One of the greatest English-language writers of the 20th century, the Dubliner James Joyce, wrote a novel that almost no reader of English can understand. It's called Finnegans Wake.

It was published a few months before Great Britain declared war on Germany (September 3, 1939). As the world plunged into war, Joyce's readers plunged into a book that presented no relief from bafflement. Throw open any page of the novel, let your eyes fall on the middle of the page, and your command of English, no matter how powerful it is, will be instantly dashed to pieces by a sentence like: "I was babbeing and yetaghain bubbering, bibbelboy, me marrues me shkewers me gnaas me fiet, tob tob tob beat it, solongopatom."

The war eventually came to an end. But people to this day are lost in or still dealing with Joyce's final book, Finnegans Wake. One such person happens to live in Seattle. His name is Neal Kosaly-Meyer. He is a composer and a pianist. And for the past seven years, he's been performing memorized chapters of the novel at galleries and music halls around the city.

"John Cage got me into Finnegans Wake with his 1979 work Roaratorio," Kosaly- Meyer explained to me as we sat at a table in a cafe. It was cold outside. "Cage also wrote a lot about Joyce... and I took the bait."

At 25, he picked up Finnegans Wake and tried to read it. He did not get far. He was stopped by a 100-letter word in the middle of the first page. How do you read a 100-letter word, he wondered? "But I'm in music school at the time, practicing the piano every day, and I realize the only way to read a 100-letter word is to practice it like I practice the piano. I memorize the word sound by sound: bababadalgharaghtakamminarronnkonnbronntonnerronntuonnthunntrovarr-hounawnskawntoohoohoordenenthurnuk."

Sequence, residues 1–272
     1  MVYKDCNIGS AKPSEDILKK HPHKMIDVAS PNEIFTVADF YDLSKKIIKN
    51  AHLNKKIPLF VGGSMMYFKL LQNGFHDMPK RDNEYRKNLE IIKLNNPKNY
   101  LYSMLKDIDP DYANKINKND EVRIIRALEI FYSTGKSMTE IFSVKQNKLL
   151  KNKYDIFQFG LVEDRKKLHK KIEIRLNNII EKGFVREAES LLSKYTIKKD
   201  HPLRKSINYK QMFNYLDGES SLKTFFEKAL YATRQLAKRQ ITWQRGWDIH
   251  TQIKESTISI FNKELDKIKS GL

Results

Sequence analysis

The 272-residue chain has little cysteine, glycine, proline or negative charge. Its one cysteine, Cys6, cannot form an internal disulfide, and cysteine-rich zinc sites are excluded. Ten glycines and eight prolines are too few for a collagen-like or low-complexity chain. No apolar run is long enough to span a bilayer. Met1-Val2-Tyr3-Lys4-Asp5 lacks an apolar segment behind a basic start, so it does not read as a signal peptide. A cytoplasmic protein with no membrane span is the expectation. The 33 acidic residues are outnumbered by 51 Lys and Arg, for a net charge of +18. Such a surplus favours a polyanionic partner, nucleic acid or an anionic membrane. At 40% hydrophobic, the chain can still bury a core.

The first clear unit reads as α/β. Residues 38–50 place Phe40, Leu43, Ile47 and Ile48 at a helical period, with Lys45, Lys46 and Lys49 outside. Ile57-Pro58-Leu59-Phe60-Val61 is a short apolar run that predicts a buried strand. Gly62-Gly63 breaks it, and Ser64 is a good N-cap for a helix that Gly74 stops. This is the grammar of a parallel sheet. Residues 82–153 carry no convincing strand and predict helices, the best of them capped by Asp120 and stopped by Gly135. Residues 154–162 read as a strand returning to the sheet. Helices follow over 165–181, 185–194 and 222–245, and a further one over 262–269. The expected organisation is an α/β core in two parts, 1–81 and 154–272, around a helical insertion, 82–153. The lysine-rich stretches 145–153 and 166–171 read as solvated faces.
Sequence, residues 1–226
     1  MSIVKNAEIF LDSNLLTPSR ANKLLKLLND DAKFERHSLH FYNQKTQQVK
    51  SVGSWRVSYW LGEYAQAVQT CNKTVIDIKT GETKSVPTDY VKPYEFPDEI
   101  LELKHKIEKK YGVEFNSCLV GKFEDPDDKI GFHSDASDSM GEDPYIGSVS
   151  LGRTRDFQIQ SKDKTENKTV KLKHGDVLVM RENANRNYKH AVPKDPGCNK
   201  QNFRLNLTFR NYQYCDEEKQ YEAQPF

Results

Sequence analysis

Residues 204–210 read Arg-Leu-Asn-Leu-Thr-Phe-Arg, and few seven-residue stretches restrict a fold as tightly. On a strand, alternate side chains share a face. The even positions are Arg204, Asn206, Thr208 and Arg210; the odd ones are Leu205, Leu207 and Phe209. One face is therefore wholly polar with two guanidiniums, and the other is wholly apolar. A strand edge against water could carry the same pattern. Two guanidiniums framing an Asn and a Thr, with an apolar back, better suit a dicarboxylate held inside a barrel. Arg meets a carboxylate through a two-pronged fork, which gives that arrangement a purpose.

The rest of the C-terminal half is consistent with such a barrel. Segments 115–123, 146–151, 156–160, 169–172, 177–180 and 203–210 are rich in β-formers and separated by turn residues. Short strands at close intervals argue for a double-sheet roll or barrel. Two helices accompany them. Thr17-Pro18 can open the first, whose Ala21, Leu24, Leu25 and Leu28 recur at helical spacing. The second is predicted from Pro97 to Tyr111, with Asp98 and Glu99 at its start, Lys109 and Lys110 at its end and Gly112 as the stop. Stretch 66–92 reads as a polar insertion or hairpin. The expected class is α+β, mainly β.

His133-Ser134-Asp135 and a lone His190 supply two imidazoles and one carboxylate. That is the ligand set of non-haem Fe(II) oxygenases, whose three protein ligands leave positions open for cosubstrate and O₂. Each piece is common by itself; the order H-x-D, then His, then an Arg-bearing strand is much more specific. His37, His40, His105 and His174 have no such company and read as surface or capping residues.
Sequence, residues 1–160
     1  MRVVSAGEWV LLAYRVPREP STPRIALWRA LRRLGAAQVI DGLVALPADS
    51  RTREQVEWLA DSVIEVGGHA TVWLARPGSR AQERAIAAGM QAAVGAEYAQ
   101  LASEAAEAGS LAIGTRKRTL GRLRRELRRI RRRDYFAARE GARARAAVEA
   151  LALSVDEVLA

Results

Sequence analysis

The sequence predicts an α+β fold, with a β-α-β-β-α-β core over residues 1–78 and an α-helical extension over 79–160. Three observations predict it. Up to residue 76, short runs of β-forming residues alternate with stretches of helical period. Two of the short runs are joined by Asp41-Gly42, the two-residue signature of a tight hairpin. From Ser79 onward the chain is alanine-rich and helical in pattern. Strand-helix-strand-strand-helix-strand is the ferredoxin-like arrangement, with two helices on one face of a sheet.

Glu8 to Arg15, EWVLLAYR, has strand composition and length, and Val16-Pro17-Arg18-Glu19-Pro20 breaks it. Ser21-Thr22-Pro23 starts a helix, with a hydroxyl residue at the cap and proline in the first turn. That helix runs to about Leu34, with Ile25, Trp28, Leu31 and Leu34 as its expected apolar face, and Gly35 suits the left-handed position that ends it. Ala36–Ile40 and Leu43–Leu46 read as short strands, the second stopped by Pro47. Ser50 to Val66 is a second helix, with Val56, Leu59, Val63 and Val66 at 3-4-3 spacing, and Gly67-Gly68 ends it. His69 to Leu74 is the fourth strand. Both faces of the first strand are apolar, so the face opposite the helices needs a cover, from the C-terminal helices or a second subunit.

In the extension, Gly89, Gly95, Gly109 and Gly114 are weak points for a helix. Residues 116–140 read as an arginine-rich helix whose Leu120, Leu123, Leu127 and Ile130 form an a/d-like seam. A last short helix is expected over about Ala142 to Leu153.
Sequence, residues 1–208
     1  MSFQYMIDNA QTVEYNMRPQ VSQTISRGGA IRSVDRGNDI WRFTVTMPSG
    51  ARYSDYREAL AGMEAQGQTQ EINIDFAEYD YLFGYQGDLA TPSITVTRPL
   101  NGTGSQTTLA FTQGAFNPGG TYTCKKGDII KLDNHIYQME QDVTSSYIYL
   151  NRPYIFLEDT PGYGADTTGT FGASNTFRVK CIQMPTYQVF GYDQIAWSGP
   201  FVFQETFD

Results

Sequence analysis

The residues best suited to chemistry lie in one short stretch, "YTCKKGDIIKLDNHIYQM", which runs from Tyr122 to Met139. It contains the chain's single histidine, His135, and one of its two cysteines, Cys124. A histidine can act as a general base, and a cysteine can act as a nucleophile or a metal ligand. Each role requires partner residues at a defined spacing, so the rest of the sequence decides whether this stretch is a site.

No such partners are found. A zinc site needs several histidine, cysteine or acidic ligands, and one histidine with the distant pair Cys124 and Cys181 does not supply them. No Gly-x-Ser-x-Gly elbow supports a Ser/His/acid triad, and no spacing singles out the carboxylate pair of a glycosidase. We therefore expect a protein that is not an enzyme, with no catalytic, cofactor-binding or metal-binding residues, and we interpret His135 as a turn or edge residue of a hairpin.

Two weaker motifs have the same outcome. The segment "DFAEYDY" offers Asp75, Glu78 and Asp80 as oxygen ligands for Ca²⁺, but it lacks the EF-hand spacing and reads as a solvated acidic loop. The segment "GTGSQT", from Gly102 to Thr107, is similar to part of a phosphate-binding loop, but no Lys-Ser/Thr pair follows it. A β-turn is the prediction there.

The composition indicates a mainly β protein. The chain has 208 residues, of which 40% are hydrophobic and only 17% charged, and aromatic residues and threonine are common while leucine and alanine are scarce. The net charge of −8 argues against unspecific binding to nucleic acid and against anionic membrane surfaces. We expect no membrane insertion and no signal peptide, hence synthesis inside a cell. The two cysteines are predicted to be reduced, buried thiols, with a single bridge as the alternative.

Once Kosaly-Meyer mastered that word—which is ugly to the eyes but sounds beautiful when it flows from his mouth—he began to wonder if that's the way he should approach the whole book, not as a reader but as a musician. At this point, around 1984, he decided to memorize the first chapter. By 1987, he began performing the first chapter for guests at his apartment (he lived in San Diego at the time). A quarter of a century later, he was drawn back to the novel because of an event celebrating the work of John Cage and the realization that no one in the world was memorizing the whole book. In 2012, he devised a program to do just that.

"I decided to learn 37 pages a year," said Kosaly-Meyer. "That would be a page a week [with some breaks]. Learning it at that rate, it would take 17 years... I was 54 at this point. This meant I'd be 71 years old when I'm done. No time to fuck around at my age. I had to get on it right away."

Kosaly-Meyer is now 61. He's reached the first part of the sixth chapter, which is what he will perform on December 14 at the Chapel Performance Space in the Good Shepherd Center.

After that, there are 12 more to go. Life is too short.